Secret Meeting With Gang Leaders Results In Decreased Chicago Crime
Chicago Tribune via Yellowbrix
February 14, 2011
CHICAGO – A secret face-to-face meeting with gang leaders last summer won Chicago Police Supt. Jody Weis harsh criticism from aldermen who said he was “negotiating with urban terrorists.”
But the controversial sit-down and new police strategies — both imported from Cincinnati and Boston — cut murders in high-crime parts of the West Side by 40 percent, Weis said Sunday.
The 15 homicides in the Harrison District between the Aug. 17 meeting and the end of 2010 were 10 less than the 25 the district suffered over the same period in 2009 — statistics that “speak for themselves,” the Supt. said.
And Weis said the arrests of more than 60 members of the Black Souls street gang after its members failed to heed his orders to stop the bloodshed in a district that incorporates parts of Garfield Park and Humboldt Park were proof he was “not negotiating” with gangs.
The Supt. warned during the August meeting at the Garfield Park Conservatory that the gang responsible for the next murder in the district would face the wrath of his department. When Black Souls member Sharod Pierce allegedly gunned down 18-year-old Anthony Carter two weeks later on Aug. 31, the Black Souls were “self-selected” for the police crackdown, Weis said.
A second operation against the Travelling Vice Lords gang — identified as the district’s most violent — saw more than 100 other gang members charged, including 30 men charged in federal court, police said.
In both cases, officers worked with Harvard Prof. Andrew Papachristos to identify the most influential gang members. By drawing maps of the social networks that link offenders, they were able to pinpoint nine key members of the Black Souls whose importance was underestimated by traditional police work and gang organization charts, Acting Deputy Supt. Brian Murphy said.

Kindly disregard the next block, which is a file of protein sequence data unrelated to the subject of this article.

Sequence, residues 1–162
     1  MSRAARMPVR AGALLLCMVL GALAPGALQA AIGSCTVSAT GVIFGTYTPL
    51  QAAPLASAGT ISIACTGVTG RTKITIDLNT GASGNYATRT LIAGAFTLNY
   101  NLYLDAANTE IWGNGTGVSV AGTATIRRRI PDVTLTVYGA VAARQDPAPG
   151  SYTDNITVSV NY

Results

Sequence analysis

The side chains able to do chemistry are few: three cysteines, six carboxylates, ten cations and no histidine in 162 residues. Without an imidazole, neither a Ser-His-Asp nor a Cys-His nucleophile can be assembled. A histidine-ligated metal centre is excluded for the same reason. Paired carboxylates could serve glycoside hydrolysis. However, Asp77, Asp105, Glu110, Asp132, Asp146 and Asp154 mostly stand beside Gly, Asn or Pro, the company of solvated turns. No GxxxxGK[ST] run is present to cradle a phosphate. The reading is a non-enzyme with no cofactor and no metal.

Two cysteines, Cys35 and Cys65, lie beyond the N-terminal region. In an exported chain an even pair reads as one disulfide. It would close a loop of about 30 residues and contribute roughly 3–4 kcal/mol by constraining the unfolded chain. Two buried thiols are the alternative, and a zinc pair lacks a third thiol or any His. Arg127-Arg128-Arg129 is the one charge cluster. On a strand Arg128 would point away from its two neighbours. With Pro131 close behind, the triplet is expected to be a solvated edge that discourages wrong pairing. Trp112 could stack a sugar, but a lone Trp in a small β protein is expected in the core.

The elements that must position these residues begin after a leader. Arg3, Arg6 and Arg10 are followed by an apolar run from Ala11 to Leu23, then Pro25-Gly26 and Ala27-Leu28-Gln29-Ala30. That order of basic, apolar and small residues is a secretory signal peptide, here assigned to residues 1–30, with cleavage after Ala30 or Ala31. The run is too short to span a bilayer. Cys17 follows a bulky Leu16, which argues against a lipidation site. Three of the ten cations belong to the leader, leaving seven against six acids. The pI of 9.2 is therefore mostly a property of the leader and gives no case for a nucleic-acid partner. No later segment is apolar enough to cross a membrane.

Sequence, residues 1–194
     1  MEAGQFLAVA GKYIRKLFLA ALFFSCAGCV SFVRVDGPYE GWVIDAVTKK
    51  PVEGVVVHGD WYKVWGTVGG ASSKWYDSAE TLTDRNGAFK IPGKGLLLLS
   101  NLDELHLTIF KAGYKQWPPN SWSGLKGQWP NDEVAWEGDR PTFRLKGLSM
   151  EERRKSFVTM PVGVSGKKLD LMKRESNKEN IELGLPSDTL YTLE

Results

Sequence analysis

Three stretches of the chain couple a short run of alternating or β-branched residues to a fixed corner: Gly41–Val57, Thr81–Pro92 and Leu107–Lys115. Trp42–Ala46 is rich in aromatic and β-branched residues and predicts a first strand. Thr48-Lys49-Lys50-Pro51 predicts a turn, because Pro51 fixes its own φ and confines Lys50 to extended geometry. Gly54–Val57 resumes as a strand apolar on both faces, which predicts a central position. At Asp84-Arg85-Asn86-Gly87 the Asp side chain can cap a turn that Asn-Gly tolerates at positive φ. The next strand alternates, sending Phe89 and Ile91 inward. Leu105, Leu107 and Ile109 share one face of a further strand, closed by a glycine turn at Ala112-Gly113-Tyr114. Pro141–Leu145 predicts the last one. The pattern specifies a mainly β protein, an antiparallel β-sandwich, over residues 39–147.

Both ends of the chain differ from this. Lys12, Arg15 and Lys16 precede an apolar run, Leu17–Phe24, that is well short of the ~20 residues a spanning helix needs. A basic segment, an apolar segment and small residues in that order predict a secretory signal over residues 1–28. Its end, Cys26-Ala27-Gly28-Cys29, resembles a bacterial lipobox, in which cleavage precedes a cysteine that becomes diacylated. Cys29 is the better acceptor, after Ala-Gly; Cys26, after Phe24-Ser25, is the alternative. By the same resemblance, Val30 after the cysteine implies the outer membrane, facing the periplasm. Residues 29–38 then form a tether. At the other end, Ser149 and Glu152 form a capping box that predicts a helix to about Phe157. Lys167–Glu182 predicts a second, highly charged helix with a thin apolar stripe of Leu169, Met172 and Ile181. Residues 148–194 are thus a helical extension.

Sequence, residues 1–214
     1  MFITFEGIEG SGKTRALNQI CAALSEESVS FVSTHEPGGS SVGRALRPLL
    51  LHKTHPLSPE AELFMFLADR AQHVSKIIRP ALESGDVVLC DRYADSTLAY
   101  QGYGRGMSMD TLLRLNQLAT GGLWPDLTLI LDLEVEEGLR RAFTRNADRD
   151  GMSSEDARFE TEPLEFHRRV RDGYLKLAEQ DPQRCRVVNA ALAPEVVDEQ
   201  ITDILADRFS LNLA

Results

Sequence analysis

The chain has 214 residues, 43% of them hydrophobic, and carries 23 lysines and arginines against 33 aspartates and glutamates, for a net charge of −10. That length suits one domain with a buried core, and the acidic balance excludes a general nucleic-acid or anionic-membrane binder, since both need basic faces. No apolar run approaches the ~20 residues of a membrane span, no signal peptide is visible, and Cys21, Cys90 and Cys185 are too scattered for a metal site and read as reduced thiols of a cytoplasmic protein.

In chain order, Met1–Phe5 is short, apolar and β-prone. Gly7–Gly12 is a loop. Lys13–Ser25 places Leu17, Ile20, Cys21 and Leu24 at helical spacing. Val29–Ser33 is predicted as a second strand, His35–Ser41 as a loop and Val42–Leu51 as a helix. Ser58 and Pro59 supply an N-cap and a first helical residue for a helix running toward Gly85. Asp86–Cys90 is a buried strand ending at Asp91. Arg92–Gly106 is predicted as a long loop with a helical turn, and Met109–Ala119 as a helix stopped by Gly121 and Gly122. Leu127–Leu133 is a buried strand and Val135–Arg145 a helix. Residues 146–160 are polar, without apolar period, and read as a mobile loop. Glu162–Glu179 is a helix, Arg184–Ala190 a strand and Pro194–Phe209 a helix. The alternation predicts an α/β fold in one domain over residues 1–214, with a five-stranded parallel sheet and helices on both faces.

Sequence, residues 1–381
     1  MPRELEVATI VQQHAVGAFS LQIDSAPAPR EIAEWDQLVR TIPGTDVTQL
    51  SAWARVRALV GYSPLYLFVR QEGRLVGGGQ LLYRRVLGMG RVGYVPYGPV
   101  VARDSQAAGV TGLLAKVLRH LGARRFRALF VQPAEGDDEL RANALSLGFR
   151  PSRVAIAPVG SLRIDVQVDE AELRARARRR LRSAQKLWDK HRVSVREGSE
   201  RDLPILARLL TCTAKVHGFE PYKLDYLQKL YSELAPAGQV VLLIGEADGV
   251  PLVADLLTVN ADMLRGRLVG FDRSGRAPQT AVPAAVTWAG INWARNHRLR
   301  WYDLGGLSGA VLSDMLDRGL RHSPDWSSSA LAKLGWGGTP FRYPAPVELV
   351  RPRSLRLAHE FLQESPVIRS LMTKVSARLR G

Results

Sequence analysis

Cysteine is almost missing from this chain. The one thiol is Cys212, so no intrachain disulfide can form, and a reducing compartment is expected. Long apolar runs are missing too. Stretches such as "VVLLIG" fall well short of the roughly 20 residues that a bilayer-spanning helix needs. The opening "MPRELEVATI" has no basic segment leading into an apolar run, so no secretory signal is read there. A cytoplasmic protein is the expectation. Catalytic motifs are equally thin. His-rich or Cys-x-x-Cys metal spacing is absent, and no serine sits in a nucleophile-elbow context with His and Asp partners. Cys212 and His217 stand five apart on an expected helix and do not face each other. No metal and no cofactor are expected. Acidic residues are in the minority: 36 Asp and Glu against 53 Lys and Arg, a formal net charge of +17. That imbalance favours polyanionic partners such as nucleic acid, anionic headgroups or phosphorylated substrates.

Papachristos said the analysis — which has been used to reduce murders in Boston, Cincinnati and Minneapolis — was based on the theory that crime is “a lot like sex — who you mess around with is going to get you in trouble,” but said it relies on good information from beat officers.
The 1,600 gang members included in the analysis made up just 2 percent of the Harrison’s district’s population, but accounted for 70 percent of its homicides, he said. While other residents of the district are three times more likely to be murdered than the average Chicago resident, the gang members are more than 100 times more likely to be killed, statistics show.
Police could not say how many gang leaders who attended the August meeting took up offers of social work, education and job training, but Papachristos said the next round up of gang leaders — scheduled to take place within two weeks — should be more effective, because, “the gang leaders now know that police are serious.”
Neither Ald. Joe Moore (49th) nor Ald. Bob Fioretti (2nd) — who together led the criticism of Weis’s meeting last summer — returned calls seeking comment Sunday.